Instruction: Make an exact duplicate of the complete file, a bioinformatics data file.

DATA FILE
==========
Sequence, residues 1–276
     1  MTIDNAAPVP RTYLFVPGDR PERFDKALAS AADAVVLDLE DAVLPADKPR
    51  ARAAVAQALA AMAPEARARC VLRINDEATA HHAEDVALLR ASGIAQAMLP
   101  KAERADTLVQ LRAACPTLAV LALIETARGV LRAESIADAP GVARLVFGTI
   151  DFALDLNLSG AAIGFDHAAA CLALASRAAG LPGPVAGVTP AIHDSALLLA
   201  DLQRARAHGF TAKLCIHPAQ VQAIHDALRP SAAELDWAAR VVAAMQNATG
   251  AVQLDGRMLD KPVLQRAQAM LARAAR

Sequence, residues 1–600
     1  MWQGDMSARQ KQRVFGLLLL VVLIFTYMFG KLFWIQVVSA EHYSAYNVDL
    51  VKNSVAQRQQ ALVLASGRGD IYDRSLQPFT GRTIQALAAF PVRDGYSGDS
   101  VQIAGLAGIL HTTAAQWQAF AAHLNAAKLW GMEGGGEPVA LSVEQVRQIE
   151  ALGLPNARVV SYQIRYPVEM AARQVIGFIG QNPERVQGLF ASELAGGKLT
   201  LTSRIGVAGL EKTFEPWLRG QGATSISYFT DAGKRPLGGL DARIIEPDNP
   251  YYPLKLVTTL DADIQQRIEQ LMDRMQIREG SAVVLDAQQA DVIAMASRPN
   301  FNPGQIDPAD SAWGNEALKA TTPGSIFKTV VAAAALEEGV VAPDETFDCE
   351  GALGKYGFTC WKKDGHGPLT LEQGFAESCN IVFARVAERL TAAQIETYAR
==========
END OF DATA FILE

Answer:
Sequence, residues 1–276
     1  MTIDNAAPVP RTYLFVPGDR PERFDKALAS AADAVVLDLE DAVLPADKPR
    51  ARAAVAQALA AMAPEARARC VLRINDEATA HHAEDVALLR ASGIAQAMLP
   101  KAERADTLVQ LRAACPTLAV LALIETARGV LRAESIADAP GVARLVFGTI
   151  DFALDLNLSG AAIGFDHAAA CLALASRAAG LPGPVAGVTP AIHDSALLLA
   201  DLQRARAHGF TAKLCIHPAQ VQAIHDALRP SAAELDWAAR VVAAMQNATG
   251  AVQLDGRMLD KPVLQRAQAM LARAAR

Sequence, residues 1–600
     1  MWQGDMSARQ KQRVFGLLLL VVLIFTYMFG KLFWIQVVSA EHYSAYNVDL
    51  VKNSVAQRQQ ALVLASGRGD IYDRSLQPFT GRTIQALAAF PVRDGYSGDS
   101  VQIAGLAGIL HTTAAQWQAF AAHLNAAKLW GMEGGGEPVA LSVEQVRQIE
   151  ALGLPNARVV SYQIRYPVEM AARQVIGFIG QNPERVQGLF ASELAGGKLT
   201  LTSRIGVAGL EKTFEPWLRG QGATSISYFT DAGKRPLGGL DARIIEPDNP
   251  YYPLKLVTTL DADIQQRIEQ LMDRMQIREG SAVVLDAQQA DVIAMASRPN
   301  FNPGQIDPAD SAWGNEALKA TTPGSIFKTV VAAAALEEGV VAPDETFDCE
   351  GALGKYGFTC WKKDGHGPLT LEQGFAESCN IVFARVAERL TAAQIETYAR